Wednesday, October 28, 2009

Gemischter Satz--It's Austrian for Delicious

If you hear "Gemischter Satz" You may be tempted to say "God Bless You!"

But the appropriate answer is "They're delicious, aren't they?"

Gemischter Satz are special wines from Austria's capital city of Vienna. Made from a blend of white grapes that are grown together in the field, then picked and fermented at the same time, there was a point not too long ago when the mania for "single varietal" bottlings threatened this age-old tradition of Austrian field blends. Happily, the tradition was maintained, the grapes remained planted in gloriously mixed vineyards of Gruner Veltliner, Weissburgunder, Riesling, Muscat Ottonel, and other grapes. Few Gemischter Satz bottlings specify the grapes within, and none that I've seen can give you varietal percentages. Don't worry--go for it.

I'm a relative newbie to the wines of Austria, but I can't recommend Gemischter Satz highly enough. If you enjoy crisp, food-friendly whites--and are a bit tired of the same-old same-old that you've been drinking lately seek out one of these wines and perk up your tired tastebuds.

2008 Weingut Rotes Haus Gemischter Satz Classic Nußberg ($20) This tasted very much of a Gruner Veltliner to me, with its white pepper, salt, and grapefruit aromas. The flavors of apple, grapefruit, and pepper confirmed my initial impression and the aftertaste was interesting--like sour apples. Very good QPR.

2007 Weingut Hajszan Gemischter Satz Weissleiten ($18) This stunning organic and biodynamic wine had unmistakable aromas of freshly ground black pepper, with floral notes. The flavors turned melony, with a zing of quince, and remained dry and refreshing. The juicy, lively aftertaste kept you reaching for the bottle. This is the kind of wine that invites you to spend the evening with it, discovering the flavors that are magically contained within it. Excellent QPR.

2008 Weingut Christ Wiener Gemischter Satz ($16) This wine had piercing aromas of apple, salt, and lemon. The flavors are equally intense, with loads of minerality and stone to accompany the slightly bitter lemon at its core. A fresh and citrusy wine. Excellent QPR.

2008 Zahel Gemischter Satz Schloss Schönbrunn (NA as of yet in the US) This restrained, elegant wine had faint aromas of lemon and peach. Dry flavors reminiscent of Meyer lemon dominate the palate, and there is a touch of bitter orange follows in the aftertaste. Well worth seeking out--and I hope an American retailer snaps this up.

Note: I've been sent some corrections and have made them in the body of the text above. The wines themselves all come from within the city limits of Vienna, and Weingut Hajszan's wine is certified organic and biodynamic.

Also, if you are looking for these wines, retailers are popping up in the comments to say they have these sometimes-hard-to-find bottlings. So check below if you are interested in purchasing, as the usual online wine search engines are not always exhaustive.

Full Disclosure: I received these wines as samples.

Monday, October 26, 2009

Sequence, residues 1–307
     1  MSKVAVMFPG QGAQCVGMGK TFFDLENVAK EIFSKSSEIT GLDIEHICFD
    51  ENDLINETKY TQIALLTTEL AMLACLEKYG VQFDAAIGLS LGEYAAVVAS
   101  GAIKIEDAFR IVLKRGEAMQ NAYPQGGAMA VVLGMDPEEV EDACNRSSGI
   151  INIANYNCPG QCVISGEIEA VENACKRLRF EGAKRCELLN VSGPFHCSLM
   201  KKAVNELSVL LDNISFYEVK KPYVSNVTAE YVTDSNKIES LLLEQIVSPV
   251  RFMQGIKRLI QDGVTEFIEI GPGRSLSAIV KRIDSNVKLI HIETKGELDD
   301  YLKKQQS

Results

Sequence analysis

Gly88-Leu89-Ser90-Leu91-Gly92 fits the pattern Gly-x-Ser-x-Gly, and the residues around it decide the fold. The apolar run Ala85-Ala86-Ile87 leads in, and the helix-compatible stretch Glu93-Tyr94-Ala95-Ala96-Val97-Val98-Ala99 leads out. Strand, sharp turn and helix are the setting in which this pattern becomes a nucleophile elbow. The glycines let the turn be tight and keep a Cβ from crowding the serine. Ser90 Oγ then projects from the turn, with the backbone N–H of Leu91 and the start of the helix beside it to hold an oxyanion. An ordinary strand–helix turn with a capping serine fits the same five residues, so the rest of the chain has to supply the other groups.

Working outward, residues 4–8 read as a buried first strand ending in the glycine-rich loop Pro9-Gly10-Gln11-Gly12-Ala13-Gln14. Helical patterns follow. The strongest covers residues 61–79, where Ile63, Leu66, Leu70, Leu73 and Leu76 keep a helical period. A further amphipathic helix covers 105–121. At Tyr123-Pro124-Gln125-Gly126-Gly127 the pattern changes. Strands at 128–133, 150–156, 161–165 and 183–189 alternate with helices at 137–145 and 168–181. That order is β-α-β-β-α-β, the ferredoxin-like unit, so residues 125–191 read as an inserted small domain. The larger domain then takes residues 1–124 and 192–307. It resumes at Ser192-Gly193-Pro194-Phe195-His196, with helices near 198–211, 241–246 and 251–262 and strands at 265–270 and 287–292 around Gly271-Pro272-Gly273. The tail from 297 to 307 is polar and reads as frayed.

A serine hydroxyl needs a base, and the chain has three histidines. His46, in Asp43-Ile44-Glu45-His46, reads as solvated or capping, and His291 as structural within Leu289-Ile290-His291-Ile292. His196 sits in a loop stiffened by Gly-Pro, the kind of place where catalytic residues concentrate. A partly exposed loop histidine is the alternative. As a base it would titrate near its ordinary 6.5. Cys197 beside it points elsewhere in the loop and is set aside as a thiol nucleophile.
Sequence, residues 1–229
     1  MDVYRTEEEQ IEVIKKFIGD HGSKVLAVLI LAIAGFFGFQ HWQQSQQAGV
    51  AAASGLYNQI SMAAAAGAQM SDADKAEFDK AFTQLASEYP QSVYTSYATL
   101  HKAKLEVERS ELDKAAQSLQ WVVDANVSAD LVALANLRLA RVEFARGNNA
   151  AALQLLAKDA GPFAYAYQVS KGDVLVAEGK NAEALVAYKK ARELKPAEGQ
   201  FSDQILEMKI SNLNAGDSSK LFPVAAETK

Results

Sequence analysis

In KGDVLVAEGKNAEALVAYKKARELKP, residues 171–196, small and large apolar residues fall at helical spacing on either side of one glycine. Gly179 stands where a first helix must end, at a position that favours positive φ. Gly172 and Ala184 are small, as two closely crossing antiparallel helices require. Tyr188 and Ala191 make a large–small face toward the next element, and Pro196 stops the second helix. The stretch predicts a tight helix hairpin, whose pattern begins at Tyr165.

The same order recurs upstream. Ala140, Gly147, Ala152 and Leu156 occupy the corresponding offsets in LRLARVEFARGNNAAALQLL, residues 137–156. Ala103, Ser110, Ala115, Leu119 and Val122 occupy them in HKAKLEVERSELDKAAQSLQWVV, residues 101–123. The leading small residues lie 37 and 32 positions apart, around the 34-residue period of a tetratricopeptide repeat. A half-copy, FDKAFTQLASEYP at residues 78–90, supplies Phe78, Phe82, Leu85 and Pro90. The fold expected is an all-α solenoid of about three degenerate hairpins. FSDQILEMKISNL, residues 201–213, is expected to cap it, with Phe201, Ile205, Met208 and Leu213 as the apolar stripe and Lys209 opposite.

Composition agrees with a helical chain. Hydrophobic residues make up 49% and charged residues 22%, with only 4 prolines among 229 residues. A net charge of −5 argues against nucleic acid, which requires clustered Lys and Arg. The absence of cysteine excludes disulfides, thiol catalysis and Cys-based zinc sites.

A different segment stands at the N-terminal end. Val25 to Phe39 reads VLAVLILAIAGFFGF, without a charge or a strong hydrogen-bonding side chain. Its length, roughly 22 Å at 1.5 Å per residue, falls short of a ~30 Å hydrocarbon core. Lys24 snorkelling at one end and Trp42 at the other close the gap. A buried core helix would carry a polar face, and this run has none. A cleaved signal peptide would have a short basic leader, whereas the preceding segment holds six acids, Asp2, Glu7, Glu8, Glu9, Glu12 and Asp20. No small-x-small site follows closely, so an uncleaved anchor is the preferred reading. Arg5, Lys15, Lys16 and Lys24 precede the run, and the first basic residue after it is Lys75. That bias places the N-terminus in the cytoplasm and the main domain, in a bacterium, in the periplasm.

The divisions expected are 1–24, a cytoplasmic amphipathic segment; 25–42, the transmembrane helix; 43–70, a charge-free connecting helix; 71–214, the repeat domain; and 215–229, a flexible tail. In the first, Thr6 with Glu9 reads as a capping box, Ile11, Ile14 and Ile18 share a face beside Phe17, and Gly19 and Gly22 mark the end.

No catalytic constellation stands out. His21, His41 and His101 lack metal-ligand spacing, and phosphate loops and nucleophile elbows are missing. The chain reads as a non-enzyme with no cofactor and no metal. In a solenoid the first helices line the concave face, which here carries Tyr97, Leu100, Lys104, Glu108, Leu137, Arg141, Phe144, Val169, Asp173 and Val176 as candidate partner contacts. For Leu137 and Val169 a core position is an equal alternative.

The Red Wines of Calabria: Fruity, Funky, and Fabulously Affordable

This month I've been getting to know the red wines of Calabria--and they've surprised me. When I mentioned Calabrian wine to most people--even Calabrians!--they scoffed at the quality of wine produced in this region of Italy. But I liked the rusty funkiness, the fruitiness, and the great value that I found in the wines I tasted. And though these wines came from southern Italy, they reminded me of French wines from Burgundy and the Beaujolais.

Take the 2004 Vintripodi Arghillà ($19.99, Wine Expo) This wine, a blend of Nerello Calabrese and Alicante, has the certain funky pungency that is characteristic in my (limited) experience of Nerello, and reminds me of a good Beaujolais. The wine showed some tawny edges around the dark purple juice at the center of my glass. The aromas were of sour cherry, earth, and funk and the flavors followed suit. This was certainly not a boring, same-old red and I think it would go just as brilliantly with stews as it did with our pasta dinner.

The other Calabrian wine I tried was the 2006 Ippolito Cirò Liber Pater ($17.99, Wine Expo; available elsewhere for $17). Made with a native Calabrian grape called Gaglioppo, I wasn't familiar enough with the variety to know what to expect. What I discovered was a wine that was nicely poised between a Pinot Noir and a Nebbiolo in terms of flavor and style. There were minty, brandied, and currant aromas. Following up were leather, plum, and currant flavors with a long, savory finish with notes of soy sauce. The juxtaposition of the berried, herbal aromas and the savory qualities of the flavors was intriguing and made this wine memorable.

Some may raise their eyebrows at Calabrian wine, but you won't catch me doing it. Give a Calabrian wine a try. They were a delightful surprise as I wrap up my journey through Italian wines. All that's left is Emilia-Romagna--and we'll head there in November.

Friday, October 16, 2009

Today on Serious Grape: Autumn Whites from Austria

I'm learning about Austrian wines, and this week on Serious Grape I have recommen-
dations for some affordable bottles (and one splurge-worthy one, too) that are just perfect for this time of year.

Austrian wines have an earthiness that makes them a great partner for squash, pumpkin, turkey, sage--so many of the foods and flavors we're all enjoying this time of year.

Autumn doesn't just mean it's time to pop open the red wines--there's still plenty of occasions that call out for a white.

I'll have more posts on Austrian wines next week. I was favorably impressed by what I sipped, and think you will be, too. Have a great weekend, and get out and do some wine exploring. Find yourself an Austrian wine to try. And if you've already found one (or two, or three...) be sure to let us know in the comments below or over on Serious Eats.

Monday, October 12, 2009

Exploring Calabria in October

I'm a little behind in my announcement, but this month I'll be exploring Calabria as the penultimate destination in my two-year trawl through the wine regions of Italy. (photo of Calabria by Mikuzz)

Calabria is the toe of Italy's boot--and to me it always looks like Calabria is preparing to kick Sicily straight up into Spain. As a southern Italian region, Calabria is home to rustic red wines, many of them made with the native Gaglioppo grape.

They've been making wine here since at least the days of Ancient Greece, and while we may not be familiar with the wines of the region today, they were quite popular in ancient times. The Roman writer Pliny the Elder considered Calabrian wines to be of high quality, and earlier the Greek athlete Milo of Croton--a Calabrian native--boasted that he drank over two gallons of wine from Ciró every day. The tradition of athletes and Ciró wines was not limited to Milo of Croton. Legend has it that winners at the early Olympics were offered this Calabrian wine to celebrate their victories. (another great photo by Mikuzz)